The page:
2011: #75 – The Red Queen (Margaret Drabble)

redqueenBook #75 was The Red Queen by Margaret Drabble. The back of the book reads:

200 years after being plucked from obscurity to marry the Crown Prince of Korea, the Red Queen’s ghost decides to set the record straight about her extraordinary existence – and Dr Babs Halliwell, with her own complicated past, is the perfect envoy. Why does the Red Queen pick Babs to keep her story alive, and what else does she want from her? A terrific novel set in 18th century Korea and the present day, The Red Queen is a rich and atmospheric novel about love, and what it means to be remembered.

In the interest of full disclosure, I’ll first say that I didn’t actually finish this novel. However, I did invest a lot of time (and a book club meeting) in it, so I’m counting it.

This novel is written in two parts, both narrated by the "ghost" of Queen Heongyeong, an 18th century Korean crown princess. The first part is about the Queen’s life, with a heavy focus on the actions of her husband, Prince Sado, who was mentally ill and came to an unfortunate end. The second part is about Dr. Babs Halliwell, who is attending a conference in Korea and mysteriously receives a copy of the Queen’s memoir that she reads on the plane.

I really enjoyed the first part of the novel. The Queen’s story is based on fact, and it was a turbulent time in Korean history. In a time when there was no way to diagnose, or even treat, mental illness, I found Prince Sado’s progression into madness to be really interesting. The Queen gets a bit repetitive, but the story still pulled me through. And sent me to Wikipedia afterwards, which for me is a sign of good historical fiction. I hardly knew anything about Korean history, and now I know a little bit more.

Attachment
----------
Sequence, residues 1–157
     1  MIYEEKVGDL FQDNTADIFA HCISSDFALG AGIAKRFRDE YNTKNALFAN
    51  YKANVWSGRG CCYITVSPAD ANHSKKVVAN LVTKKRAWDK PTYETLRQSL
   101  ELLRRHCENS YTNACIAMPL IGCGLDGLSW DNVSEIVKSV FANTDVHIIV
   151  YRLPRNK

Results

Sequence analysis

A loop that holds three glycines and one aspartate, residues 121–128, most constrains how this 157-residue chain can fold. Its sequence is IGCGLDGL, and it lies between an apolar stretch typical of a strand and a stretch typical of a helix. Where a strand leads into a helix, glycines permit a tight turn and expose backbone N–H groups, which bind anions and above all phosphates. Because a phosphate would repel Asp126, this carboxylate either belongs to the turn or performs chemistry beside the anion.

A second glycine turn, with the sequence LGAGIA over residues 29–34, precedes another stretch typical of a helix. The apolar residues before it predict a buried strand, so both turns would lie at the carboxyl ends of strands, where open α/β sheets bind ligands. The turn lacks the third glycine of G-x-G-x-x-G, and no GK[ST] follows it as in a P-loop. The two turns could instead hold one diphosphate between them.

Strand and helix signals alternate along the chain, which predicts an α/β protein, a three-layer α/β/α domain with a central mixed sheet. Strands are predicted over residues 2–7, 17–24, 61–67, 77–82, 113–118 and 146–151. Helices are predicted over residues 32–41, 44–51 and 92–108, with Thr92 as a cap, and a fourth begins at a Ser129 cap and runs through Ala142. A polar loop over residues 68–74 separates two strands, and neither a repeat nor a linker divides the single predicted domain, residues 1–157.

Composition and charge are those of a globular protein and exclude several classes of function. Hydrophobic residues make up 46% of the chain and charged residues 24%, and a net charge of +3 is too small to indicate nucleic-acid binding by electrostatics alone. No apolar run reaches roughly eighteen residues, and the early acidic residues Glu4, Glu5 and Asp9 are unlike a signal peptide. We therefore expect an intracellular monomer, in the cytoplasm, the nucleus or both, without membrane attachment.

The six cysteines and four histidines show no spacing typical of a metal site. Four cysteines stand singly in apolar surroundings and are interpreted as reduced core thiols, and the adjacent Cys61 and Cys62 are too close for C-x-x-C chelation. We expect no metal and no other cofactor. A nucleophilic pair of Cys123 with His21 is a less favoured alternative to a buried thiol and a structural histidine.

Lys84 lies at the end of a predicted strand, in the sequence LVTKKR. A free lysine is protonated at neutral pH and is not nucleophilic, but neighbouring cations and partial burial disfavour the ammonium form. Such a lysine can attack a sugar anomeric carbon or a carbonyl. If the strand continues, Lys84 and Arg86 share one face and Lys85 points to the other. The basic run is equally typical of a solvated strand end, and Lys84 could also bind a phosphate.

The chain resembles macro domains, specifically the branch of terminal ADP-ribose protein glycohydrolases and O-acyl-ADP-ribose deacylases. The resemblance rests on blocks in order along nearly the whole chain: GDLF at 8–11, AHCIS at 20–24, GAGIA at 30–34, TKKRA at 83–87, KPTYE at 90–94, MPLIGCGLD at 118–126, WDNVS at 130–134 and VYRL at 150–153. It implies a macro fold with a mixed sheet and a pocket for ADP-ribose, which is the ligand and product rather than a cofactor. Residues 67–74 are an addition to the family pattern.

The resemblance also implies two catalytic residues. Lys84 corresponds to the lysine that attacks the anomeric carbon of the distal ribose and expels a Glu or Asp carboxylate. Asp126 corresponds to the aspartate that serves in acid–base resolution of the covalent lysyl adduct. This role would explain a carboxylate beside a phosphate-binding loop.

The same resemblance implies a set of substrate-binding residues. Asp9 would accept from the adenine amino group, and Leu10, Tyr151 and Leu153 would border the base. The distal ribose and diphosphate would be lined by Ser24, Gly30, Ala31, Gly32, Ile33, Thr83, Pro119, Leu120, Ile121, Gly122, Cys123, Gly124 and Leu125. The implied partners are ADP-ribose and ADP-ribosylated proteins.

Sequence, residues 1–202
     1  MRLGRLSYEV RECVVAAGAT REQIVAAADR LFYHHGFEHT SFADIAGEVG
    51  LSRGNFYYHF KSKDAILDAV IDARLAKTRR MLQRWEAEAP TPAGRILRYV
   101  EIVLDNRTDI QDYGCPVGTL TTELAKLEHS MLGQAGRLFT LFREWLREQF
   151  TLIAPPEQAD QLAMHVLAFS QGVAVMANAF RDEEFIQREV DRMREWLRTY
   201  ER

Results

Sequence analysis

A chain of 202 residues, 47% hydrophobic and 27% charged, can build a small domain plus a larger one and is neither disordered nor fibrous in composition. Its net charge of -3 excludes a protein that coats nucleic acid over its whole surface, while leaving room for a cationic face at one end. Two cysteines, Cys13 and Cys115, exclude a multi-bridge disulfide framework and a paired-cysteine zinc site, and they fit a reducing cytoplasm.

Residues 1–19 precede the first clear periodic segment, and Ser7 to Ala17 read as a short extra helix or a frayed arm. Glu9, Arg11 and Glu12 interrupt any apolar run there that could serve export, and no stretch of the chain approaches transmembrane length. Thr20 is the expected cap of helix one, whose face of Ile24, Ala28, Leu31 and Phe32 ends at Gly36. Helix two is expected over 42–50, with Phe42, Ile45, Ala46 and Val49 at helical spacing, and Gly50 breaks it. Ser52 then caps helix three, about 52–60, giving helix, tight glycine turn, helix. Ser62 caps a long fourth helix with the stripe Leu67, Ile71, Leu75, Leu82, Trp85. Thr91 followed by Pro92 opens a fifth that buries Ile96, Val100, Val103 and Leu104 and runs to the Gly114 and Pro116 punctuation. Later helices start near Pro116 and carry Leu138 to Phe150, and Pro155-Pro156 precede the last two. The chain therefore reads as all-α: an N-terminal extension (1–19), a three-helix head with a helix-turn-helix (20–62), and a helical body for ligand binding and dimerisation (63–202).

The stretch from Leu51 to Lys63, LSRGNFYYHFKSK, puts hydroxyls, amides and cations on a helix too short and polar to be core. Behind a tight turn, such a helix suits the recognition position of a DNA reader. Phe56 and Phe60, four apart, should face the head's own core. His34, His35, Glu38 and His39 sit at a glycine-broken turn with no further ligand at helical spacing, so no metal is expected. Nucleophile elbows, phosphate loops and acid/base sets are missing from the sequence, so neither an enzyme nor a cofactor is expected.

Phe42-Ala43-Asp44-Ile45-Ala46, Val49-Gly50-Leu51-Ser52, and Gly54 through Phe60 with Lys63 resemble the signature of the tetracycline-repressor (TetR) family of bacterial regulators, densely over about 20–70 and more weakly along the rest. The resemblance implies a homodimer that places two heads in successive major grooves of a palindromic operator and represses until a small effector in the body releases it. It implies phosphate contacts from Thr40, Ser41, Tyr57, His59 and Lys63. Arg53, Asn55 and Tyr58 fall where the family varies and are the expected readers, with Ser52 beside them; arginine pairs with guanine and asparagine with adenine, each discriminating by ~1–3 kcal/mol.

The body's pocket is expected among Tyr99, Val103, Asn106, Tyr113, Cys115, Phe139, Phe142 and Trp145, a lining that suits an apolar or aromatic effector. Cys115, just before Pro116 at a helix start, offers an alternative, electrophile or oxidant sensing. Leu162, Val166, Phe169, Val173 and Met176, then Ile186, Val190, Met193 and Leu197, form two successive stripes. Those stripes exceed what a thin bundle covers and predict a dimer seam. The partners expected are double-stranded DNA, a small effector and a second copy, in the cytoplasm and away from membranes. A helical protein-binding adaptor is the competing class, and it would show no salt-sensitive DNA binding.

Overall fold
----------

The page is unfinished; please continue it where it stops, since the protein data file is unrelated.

It was the second half of the book that lost me. Babs Halliwell isn’t in a good place in her life, and also has a mentally ill husband. We are supposed to see her as a modern-day parallel to the Queen, but I just didn’t find her to be a very interesting character. It’s at this point that the books starts to feel really indulgent. I think Drabble fancied herself as the voice of the Queen, and Dr. Halliwell is supposed to be an avatar of her.  Because Drabble loves the Queen’s story, we are expected to love it too.

I think this would have been a much better novel if she had taken the Queen’s story and fleshed it out more completely. Her story was interesting enough to carry a novel all on its own.

Other reviews:

Kristina’s Book Blog » The Red Queen — Margaret Drabble
BookNAround: Sunday Salon: Review: The Red Queen by Margaret Drabble.
The Red Queen by Margaret Drabble | Book Reviews
Lotus Reads: The Red Queen by Margaret Drabble
Ace and Hoser Blook: The Red Queen by Margaret Drabbel

Page count: 348 (’11 total: 20,559) | Approximate word count:  120,044 (’11 total: 7,398,892)

2010: Heat Lightning (John Sandford)
2009: Courting Catherine (Nora Roberts)
2008: A Paragon of Virtue (Christian von Ditfurth)
2007: The Life and Times of the Thunderbolt Kid (Bill Bryson)
2006: Cruel and Unusual (Patricia Cornwell)
2005: Under the Banner of Heaven (Jon Krakauer)

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